I’ve been mulling a bit lately on T-units, also known as truth units. It’s a concept I learned from Sunlife many years ago. The idea being that when you provide a teaching in a ministry setting, you are communicating a unit of truth. A good talk or presentation really has one focal point.
A lot of talks, if you look at them, actually have many points. I’ve noticed a lot of sermons lately actually often would work as two sermons. There’s so much content in there and they’re pretty long. A lot of sermons I’m seeing these days are 45-50 minutes long, and I think it’s important to note that there’s not a lot of preachers who can do it for 45 or 50 minutes and do it well.
I know in the professional speaking world, a typical keynote is 60 to 90 minutes and these talks are outstanding. But what you need to understand is those speakers are giving that same talk sometimes 80 times or more a year, and they’re refining it and working it over. When we as preachers and pastors try to produce 45-60 minute talks every week, we will find that pretty tough.
In most of my messages I often shoot for about 25 minutes, depending on the topic or if it’s a topic I’m passionate about or written on, sometimes I’ll drift up towards 35-40. But again it’s pretty rare. In fact, if you’re going to be anything over 20 minutes, you’d better be hot and there better be some illustrations in there to break it down.
Anyway, I want you to think about how many T-units, how many truth units your people are exposed to in a year just through your ministry. Maybe on a Sunday morning, let’s say there’s one T-unit per Sunday with 52 Sundays a year. Let’s say they go to a small group and there’s another T-unit there, maybe 30 or 40 weeks of the year. Hopefully they’re doing personal devotions, which would be another 5-7 units a week. And most likely they’re listening to some podcasts or some other online ministry stuff and it just starts to pile up.
What we do is we put our people and ourselves in a place where there’s not a hope that we can apply the stuff we’re learning. Part of it is that we err towards teaching versus training. We’re really good at talking about what to do, what to believe and all that, but not so much how or the application side. Working on the application side is that’s taking that T-unit, that truth unit, and helping people put legs to it.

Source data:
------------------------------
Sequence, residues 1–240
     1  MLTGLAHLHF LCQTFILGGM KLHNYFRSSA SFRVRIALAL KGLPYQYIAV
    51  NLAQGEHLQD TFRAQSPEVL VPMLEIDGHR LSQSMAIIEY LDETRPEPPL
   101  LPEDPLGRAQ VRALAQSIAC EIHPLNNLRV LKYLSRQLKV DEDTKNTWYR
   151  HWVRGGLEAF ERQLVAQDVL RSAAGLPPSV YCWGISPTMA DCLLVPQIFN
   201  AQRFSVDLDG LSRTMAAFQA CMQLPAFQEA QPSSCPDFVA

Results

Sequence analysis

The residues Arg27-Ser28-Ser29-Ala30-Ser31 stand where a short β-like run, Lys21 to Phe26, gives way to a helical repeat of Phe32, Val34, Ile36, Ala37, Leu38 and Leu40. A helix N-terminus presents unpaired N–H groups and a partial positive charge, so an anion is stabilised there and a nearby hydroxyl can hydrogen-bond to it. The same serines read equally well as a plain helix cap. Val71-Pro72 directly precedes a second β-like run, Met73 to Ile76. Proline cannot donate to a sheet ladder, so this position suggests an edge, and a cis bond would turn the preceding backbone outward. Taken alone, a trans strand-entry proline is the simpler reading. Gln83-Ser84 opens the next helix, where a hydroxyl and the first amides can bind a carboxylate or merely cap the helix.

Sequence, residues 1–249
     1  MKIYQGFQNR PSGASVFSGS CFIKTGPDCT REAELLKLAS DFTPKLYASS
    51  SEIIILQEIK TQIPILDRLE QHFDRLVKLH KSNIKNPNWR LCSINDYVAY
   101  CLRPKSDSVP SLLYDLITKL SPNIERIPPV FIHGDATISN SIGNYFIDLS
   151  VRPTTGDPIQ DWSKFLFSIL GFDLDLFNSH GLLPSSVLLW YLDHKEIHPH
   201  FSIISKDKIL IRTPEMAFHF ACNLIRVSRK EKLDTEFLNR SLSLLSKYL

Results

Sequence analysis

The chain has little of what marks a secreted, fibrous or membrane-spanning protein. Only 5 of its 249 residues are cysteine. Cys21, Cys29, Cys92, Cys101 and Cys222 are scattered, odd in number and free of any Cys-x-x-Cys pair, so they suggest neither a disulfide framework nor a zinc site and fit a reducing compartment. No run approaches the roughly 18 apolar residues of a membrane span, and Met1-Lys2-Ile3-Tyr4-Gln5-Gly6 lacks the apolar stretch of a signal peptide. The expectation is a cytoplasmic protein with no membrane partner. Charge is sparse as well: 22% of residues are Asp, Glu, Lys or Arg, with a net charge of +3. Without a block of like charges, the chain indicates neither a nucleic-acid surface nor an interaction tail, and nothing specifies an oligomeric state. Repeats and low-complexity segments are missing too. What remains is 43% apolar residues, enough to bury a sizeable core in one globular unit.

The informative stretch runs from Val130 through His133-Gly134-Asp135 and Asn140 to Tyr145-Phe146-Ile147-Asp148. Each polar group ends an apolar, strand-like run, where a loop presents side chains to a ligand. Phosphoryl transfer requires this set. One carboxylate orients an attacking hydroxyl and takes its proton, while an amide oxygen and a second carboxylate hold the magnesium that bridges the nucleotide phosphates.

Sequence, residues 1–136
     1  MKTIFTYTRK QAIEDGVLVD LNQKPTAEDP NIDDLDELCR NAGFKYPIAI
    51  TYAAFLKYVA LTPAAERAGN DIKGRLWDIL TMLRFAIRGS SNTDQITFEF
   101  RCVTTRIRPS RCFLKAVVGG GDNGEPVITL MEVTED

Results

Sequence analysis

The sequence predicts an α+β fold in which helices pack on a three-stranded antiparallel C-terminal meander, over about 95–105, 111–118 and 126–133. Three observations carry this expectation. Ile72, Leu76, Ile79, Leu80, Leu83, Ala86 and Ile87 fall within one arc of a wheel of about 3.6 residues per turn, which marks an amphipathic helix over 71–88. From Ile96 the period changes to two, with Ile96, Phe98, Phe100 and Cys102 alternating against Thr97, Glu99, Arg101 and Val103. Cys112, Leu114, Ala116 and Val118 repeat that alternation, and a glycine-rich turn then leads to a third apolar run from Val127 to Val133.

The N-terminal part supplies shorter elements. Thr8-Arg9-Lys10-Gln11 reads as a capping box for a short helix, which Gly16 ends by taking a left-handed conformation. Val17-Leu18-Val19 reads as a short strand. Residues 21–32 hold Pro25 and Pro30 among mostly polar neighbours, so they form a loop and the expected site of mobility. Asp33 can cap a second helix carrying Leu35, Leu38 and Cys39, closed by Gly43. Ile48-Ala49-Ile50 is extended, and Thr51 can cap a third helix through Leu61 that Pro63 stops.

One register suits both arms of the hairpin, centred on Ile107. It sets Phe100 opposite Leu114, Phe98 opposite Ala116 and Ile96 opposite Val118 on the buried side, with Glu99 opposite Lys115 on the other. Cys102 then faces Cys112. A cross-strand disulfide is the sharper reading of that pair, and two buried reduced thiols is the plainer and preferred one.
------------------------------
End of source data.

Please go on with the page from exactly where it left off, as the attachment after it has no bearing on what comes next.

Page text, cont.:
I could do a talk on evangelism talking about how important it is and people without Jesus are lost and all those kinds of things, and just layer it on. But that’s just what. The how and applying it takes some time, and maybe it takes several trainings in itself to do that. I think for a lot of us, we need to be thinking about how many truth units we’re dumping into and onto our people and how much we’re helping them apply.
There are a couple of things we can do. One, we can talk shorter or talk for the same amount of time, but really work over that one-liner. Make sure we hone that one thing that we’re trying to communicate to our people and help them to apply the thing that they need to know, feel and do.
What I did in my sermon prep is I asked that question. What do I believe the Lord wants people to know and feel and ultimately do based on this passage of scripture, this topic, or on this study. Not what I want them to feel, but what do I want them to do. When we do that, it forces us to focus down to one thing because we can’t say I want them to feel these five emotions, I want them to know these 10 truths, and I want them to do these three things. That ain’t gonna happen.
The best talks can be summarized in one simple sentence. In one sentence be able to say, “I believe these people should know, feel and do XYZ” or the one line or what we call the homiletical or exegetical idea of a passage. In Matthew 28, Jesus called his disciples to make disciples. That’s the T-unit. Jesus calls us, his disciples, to make disciples. Or this a disciple is made by going and baptizing and teaching them to obey. Something very simple like that.
So I’ve been mulling on the T-unit thing and thinking about how to go forward in ministry in these days. I’m thinking our communication might possibly needs to be more frequent but shorter. In a week, we might want to put out some content every day. Our weekly message, maybe a 20 or 30 minute message, and then devotionals or related thoughts either the week before or the week after to help people know, feel and do what they need to know, feel and do based on that content, on that truth.
So here’s the question. How will you ensure that your people don’t get overwhelmed with content, with truth units, but instead call them to change their thinking, how they’re acting, and produce growth as they’re moving ahead as followers of Jesus.
Something to think about today. Wisdom to you as you seek to be a communicator of the truth, a disciple who makes disciples.
God bless, press on.